A church building today without a pulpit in it would be considered inadequately furnished. WHY? Simply because an institutional Church without a professional Preacher (with a capital P) would be considered inadequately staffed. The Preacher is just as vital a "fixture" in the "spiritual" Church as the pulpit is in the physical church. Our little steps in not allowing "our" Preachers to be given a flattering title like "Reverend" is good, but does not change the situation any. The truth is, our "local minister" (with a capital M) answers in most every respect to the position, held by the Baptist Pastor, the Episcopal Rector and the Catholic Priest; not in exact title and exact powers, but in the basic work he does, the image he portrays to the public and the function he performs with reference to the local Church Organization. Hence the Preacher of the Church of Christ Church plays a role identical to that of his counterpart in the Sectarian Church.

Do you need more evidence of the above? If so, then read what is being said and implied by brethren today. Operators of Church-related organizations and businesses regularly send out mail to congregations addressed to "The Elders or Preacher." This is nothing more than a public acknowledgement of the fact that they understand that in every Church there is one SPECIAL person known as the Preacher, and that in some respect he is up on par with Elders. At least they feel that information fed to him is just as good as information fed to Elders. In fact, some letters sent to the Church simply begin, "Dear Preacher." By experience these solicitors seem to know who REALLY runs the show. Yet we have the audacity still to argue that WE don't have an elevated Clergy. How much evidence do we need?

Believe it or not, literature purporting to describe the scriptural organization of the "true church" has been put out by our brethren actually listing "the Evangelist" (one of the modern synonyms for the local Preacher) as one of the "THREE PERMANENT OFFICERS of the Church." Whether biblical or not, at least this is honest. For as ecclesiastical matters now stand, in the Church-with-a-preacher pattern, the local Preacher IS indeed a Church "Officer" if anyone is. The fact that he is HIRED into his office rather than "ordained" into it is interesting, but not important as to the effectiveness of his official role. Now we can talk about the Elders and Deacons all we want to, and perhaps give them honorable mention; but honesty must compel us to admit that The Preacher, above anyone else connected to the local institutional Church, qualifies as a genuine Church-man. If you do not believe this, just ask the townsfolk. They may not know who the Elders or Deacons are, but they know who the Preacher is. He is the highest profile functionary (officer) the institutional Church has. What I am saying sadly is this. The Pulpit is an accurate symbol NOT just of the Clergy of a Denominational Church, but of "Ministers" of the Church of Christ. This is why "we" can speak of the Pulpit and the Pew in connection with our system and be as correct, and as well understood, as anyone else. THIS OUGHT NOT TO BE! It means we have followed the pattern set by the religious world about us more than we have followed the NT.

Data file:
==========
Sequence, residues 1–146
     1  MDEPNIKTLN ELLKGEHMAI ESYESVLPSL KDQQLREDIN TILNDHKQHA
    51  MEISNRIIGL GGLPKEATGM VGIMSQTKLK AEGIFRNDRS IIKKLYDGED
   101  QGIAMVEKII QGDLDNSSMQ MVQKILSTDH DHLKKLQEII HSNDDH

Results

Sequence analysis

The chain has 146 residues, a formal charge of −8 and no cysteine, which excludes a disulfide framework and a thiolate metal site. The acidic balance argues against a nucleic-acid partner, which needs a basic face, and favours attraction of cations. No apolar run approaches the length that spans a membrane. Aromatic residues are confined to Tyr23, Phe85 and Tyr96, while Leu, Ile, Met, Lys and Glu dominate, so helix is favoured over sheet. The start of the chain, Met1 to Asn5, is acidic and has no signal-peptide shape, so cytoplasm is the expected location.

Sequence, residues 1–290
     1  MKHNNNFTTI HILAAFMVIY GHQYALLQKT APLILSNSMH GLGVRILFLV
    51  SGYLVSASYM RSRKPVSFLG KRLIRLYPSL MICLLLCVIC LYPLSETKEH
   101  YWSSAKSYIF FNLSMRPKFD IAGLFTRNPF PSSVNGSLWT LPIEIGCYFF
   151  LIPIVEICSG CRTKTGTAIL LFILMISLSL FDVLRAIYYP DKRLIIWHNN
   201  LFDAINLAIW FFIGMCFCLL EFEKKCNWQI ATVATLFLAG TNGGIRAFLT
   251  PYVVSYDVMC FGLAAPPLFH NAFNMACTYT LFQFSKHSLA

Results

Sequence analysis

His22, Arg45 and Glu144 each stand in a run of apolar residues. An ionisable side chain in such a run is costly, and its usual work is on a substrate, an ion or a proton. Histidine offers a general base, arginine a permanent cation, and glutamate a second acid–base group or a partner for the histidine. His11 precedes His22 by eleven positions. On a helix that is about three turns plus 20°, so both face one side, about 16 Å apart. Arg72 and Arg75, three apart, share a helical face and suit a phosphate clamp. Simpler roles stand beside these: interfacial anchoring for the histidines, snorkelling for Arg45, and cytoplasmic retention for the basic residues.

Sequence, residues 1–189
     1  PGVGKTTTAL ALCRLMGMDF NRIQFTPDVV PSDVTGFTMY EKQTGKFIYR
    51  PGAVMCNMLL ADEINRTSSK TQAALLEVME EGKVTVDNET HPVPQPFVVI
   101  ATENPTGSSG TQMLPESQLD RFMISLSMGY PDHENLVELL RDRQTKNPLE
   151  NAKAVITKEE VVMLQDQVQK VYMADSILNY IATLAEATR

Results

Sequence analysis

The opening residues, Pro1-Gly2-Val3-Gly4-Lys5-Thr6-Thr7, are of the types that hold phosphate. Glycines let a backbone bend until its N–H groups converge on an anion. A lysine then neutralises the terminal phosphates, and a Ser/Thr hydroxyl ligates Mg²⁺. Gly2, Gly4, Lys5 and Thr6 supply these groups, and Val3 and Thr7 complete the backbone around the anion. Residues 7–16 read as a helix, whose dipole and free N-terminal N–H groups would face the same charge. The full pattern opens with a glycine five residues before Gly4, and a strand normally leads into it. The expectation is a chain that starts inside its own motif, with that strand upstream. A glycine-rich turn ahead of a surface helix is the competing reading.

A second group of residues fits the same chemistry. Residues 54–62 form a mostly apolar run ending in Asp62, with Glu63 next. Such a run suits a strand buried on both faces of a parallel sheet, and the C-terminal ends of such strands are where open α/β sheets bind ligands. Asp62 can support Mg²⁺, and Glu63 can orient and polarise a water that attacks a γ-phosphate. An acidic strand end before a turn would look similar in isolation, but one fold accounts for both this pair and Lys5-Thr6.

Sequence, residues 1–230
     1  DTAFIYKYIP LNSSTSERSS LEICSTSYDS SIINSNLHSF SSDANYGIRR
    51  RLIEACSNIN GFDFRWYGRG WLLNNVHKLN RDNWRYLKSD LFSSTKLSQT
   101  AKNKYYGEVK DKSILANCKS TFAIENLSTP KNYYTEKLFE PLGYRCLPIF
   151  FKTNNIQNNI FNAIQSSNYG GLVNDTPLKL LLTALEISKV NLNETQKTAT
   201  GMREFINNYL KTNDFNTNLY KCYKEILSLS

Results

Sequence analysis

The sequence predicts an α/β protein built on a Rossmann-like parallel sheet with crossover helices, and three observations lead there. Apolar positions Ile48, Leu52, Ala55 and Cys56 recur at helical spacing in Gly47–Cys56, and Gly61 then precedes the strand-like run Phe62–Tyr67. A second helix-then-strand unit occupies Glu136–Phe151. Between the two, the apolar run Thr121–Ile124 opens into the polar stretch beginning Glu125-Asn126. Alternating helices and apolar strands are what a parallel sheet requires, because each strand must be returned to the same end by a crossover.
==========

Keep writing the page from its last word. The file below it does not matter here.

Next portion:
A few years ago a man named Pierre Berton wrote a little book called "The Comfortable Pew." Someone should write one about the Pulpit. But for the benefit of all those preachers who, like one I know, "wonder" from time to time about this wonderful fixture, perhaps the title should be "The Uncomfortable Pulpit."